Disclaimer: Don’t worry… I’m not about to launch into great detail about bowel movements and the like. 😉
I still remember as a kid, finding it strange my great-aunt used to go on and on (and on) about her bowels moving. Or not. (And mostly not, from memory!) I was appropriately horrified – having grown up believing that one doesn’t discuss money, politics, sex or religion. And bowel movements. Well… except when they do of course.
My antipathy towards discussing bodily functions changed drastically when I lived in Africa for a while in the mid 1990s. I was only in Mozambique a week or two when I got sick. I realised later I’d eaten hand-threaded beef* skewers when out. Rookie mistake.
After seeing my body do things one can never unsee I pulled out my faithful travellers medical kit, which included a little booklet complete with flowchart.
If this; then that. Sort of thing.
Horrified I found myself examining the fruits of my
loins labour for things on the lists. Ah-ha! I thought and started taking the appropriate drug. And nothing happened. In fact, things got worse, so I switched to another. They were all pretty small doses – but powerful.
After several days of being chained to the loo some people I’d met tracked me down (not in the loo, obviously, but where I was staying). “Was I okay?” they wondered.
Gah! I shyly explained my stomach issues. And that was when I became privy to the well-versed-in-bowel-movements. They had all sorts of questions. They’d lived in Mozambique for ages and had crossed paths with all sorts of illnesses, from malaria to dengue to giardia and so forth.
Eventually I agreed to seek medical assistance and trudged off to the international clinic. The money it would cost stressed me out – although my volunteer organisation would reimburse me – I’d be out-of-pocket for a while. Once there I explained my symptoms to some poor Russian doctor however we reached a language impasse, both of us only having snippets of Portuguese language in common.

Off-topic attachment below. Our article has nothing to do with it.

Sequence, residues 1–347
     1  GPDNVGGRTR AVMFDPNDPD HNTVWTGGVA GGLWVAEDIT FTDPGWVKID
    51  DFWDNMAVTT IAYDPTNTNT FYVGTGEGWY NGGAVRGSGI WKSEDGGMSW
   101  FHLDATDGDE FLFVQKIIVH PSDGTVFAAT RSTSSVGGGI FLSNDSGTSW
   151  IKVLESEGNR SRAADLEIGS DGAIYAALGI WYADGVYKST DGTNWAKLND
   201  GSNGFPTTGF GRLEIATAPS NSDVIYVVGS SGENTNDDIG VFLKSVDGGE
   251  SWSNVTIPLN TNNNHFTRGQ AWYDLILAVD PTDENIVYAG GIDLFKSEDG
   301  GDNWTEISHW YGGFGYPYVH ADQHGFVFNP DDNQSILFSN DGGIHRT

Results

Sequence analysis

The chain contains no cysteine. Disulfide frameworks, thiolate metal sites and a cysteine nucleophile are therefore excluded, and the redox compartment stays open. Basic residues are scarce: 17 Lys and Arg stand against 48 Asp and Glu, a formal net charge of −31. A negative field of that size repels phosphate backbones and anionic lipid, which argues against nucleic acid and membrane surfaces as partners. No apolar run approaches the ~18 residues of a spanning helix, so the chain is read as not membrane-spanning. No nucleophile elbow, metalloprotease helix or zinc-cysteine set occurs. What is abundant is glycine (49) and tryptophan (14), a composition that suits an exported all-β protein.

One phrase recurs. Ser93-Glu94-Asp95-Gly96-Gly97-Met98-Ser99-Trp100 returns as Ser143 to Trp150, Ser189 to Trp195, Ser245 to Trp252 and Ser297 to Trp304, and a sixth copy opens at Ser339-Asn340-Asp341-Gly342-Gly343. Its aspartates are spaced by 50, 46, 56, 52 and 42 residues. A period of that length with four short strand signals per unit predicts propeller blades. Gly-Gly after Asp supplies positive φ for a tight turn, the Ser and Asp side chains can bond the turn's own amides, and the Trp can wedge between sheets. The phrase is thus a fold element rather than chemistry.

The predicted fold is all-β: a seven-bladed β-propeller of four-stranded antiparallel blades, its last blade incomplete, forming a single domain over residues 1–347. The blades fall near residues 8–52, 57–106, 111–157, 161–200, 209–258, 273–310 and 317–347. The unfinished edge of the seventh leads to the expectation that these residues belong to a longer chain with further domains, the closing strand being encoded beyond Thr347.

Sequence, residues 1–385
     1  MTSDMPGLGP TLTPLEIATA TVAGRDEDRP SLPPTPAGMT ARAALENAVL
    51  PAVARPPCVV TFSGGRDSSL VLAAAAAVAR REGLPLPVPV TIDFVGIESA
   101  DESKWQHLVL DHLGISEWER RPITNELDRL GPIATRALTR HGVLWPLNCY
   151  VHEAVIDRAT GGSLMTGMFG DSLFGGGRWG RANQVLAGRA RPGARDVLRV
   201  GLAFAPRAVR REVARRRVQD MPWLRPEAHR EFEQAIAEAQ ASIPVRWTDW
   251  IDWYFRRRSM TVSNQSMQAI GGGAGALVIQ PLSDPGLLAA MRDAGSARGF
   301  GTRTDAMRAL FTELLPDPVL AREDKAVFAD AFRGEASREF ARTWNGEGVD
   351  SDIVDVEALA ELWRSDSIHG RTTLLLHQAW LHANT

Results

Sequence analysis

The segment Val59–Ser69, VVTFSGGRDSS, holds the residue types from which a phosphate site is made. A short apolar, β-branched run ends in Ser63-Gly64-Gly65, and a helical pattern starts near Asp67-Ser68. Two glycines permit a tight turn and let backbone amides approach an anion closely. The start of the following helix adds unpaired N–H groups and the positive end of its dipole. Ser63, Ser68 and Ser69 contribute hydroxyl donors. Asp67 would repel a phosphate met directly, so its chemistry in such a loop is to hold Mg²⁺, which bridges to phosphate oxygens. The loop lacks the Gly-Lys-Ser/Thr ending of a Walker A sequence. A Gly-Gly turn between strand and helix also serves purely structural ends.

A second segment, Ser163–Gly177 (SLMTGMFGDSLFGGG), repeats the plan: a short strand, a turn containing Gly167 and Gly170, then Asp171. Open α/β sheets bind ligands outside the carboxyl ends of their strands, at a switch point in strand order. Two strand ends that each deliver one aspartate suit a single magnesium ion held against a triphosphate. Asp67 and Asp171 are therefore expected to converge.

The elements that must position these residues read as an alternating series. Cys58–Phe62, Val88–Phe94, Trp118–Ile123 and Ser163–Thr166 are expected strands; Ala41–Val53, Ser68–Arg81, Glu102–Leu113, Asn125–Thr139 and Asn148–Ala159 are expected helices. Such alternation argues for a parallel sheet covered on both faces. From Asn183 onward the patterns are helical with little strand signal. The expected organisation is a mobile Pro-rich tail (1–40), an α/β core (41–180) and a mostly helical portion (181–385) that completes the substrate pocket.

He understood enough eventually to do some tests and it was discovered I had suffered salmonella poisoning (which was a relief at the time). As I’d been unwell for a couple of weeks they were keen to put me on a drip but I knew my bill had already reached over USD200, so I took the exorbitantly expensive drugs they gave me and shuffled back home. #literally
That particular incident was the first of FOUR bouts of salmonella poisoning I suffered while in Mozambique over a 16mth period. None were pleasant and many far worse than the first, requiring not only IV fluids but painkillers as well.
Naturally any concern I may have had about the sort of blunt discussions I once eschewed went out of the window. Isolated and often desperate, my friends and I would go into intricate detail about all manner of embarrassing things.
I didn’t suffer as badly in subsequent overseas locations, and after being back in Australia for a dozen years I’ve regained my sense of propriety on the issue.
Of course, being coeliac means I can’t completely stay away from the subject – however recently I’ve had some other *ahem* digestive issues and had to again describe disturbing images to medical personnel. I mean I know that they’ve probably heard and seen worse, but still…
Do you shy away from certain topics? Are you queasy when it comes to discussing bodily functions? (Your own or others?)
* Supposedly beef but many of the butchers used donkey instead
Joining the #LaughLink gang again today.